When Congress reauthorized the Elementary and Secondary Education Act earlier this year, it changed the way schools can discipline students with disabilities in some cases.
The final E.S.E.A. version says a student with a disability who brings a gun to school can be pulled from his classroom and put into an interim educational setting for up to 45 days.
But in earlier deliberations, the Senate had wanted to go even further.
Senators adopted two discipline-related amendments during debate over the E.S.E.A. The first, offered by Sen. Slade Gorton, R-Wash., would have waived the “stay put” provision of the Individuals with Disabilities Education Act when a student with a disability brought a weapon to school or demonstrated “life threatening” behavior.
It would have allowed officials to remove the student from his or her placement for 90 days. Despite lobbying from disability-rights advocates, the Senate passed the measure by a vote of 60 to 40.
Sen. James M. Jeffords, R-Vt., then offered an alternative that would have allowed such removals in cases in which students brought a weapon to school. It passed the Senate unanimously.
Case in California
When Mr. Gorton presented his amendment, he cited discipline-related cases nationwide, including one that highlights educators’ concerns.
In that case, a guard at El Capitan High School in Lakeside, Calif., spotted a gun inside a student’s car in a school parking lot in February.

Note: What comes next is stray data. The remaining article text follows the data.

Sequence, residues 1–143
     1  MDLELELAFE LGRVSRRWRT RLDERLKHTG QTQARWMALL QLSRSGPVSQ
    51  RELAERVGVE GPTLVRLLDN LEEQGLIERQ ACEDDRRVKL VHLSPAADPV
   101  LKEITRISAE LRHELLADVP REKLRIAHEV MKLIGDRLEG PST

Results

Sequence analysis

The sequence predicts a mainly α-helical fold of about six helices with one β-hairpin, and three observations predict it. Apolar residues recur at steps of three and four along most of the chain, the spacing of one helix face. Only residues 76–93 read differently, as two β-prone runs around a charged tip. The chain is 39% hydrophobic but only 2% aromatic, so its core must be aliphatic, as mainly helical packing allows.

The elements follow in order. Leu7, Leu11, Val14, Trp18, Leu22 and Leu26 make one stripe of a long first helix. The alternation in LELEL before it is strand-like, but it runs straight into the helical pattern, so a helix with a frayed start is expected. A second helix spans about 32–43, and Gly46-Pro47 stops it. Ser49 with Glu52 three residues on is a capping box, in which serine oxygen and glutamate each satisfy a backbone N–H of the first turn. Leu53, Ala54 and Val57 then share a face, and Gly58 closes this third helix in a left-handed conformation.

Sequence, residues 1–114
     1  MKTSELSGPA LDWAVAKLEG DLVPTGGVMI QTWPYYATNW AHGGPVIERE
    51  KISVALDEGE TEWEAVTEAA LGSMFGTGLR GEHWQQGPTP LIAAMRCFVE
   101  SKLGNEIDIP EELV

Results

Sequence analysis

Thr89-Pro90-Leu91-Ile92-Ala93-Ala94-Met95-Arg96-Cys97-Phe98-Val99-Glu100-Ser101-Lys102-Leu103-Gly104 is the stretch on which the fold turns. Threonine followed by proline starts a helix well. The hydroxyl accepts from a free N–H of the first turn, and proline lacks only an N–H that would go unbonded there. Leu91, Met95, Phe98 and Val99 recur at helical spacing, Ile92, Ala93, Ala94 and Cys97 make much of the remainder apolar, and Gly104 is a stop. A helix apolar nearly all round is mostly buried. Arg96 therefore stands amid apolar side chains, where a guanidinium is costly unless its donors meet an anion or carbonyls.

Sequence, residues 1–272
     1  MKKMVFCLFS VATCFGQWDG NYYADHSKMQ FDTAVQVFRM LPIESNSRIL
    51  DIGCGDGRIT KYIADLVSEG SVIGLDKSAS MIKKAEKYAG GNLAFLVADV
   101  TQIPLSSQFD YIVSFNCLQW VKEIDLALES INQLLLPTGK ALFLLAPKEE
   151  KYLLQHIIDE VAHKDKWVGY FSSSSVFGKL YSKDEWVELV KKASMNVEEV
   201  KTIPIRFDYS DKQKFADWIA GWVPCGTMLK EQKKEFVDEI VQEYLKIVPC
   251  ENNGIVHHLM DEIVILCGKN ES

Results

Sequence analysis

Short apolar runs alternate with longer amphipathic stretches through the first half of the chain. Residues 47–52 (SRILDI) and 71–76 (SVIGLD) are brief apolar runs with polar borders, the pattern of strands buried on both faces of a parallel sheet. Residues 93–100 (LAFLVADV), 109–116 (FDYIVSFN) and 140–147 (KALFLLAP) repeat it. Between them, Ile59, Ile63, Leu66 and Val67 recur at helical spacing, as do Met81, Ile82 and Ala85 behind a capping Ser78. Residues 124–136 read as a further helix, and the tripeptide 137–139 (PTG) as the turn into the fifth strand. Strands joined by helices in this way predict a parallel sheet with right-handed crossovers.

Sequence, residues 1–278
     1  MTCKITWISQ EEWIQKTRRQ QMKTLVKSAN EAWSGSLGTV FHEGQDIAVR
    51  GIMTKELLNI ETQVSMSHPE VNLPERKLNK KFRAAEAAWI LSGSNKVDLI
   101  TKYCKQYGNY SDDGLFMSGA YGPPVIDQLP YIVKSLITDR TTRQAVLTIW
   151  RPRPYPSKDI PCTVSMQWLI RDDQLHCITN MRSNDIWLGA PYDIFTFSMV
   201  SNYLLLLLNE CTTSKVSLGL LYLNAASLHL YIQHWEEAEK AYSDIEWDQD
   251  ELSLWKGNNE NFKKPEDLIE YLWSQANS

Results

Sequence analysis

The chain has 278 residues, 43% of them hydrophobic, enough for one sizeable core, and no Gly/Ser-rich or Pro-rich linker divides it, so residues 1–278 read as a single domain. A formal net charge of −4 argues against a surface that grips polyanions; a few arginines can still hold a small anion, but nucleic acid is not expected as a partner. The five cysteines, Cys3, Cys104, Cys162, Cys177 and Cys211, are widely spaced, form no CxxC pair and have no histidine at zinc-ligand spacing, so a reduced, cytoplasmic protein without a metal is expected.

When the district tried to expel the student under a new California law, the boy’s parents said he suffered from attention-deficit disorder. They alleged that the boy had forgotten that the gun was in the car as a result of the disorder.
Court documents show the parents did not ask that their son be evaluated for special-education services until two weeks after the gun incident.
The school refused to let the boy return to class, so the parents took the school to court, saying their son needed to be evaluated for special-education services.
The district’s evaluation showed that the student was not eligible for special-education services. The parents contested the determination and said that until the issue was resolved the district could not move to expel their son.
The district sought to override the stay-put provision, arguing the student posed a danger.
In March, a federal judge rejected the district’s plea. Judge Judith N. Keep said she was bound by a 1992 decision by the U.S. Court of Appeals for the Ninth Circuit, which said the claim for special-education services is sufficient to invoke the stay-put provision and parents’ due-process rights under the I.D.E.A.
But Judge Keep voiced frustration with her own ruling, saying: “These are the kinds of situations that can cause parents, if they have any money whatsoever, to remove their children from a public school.”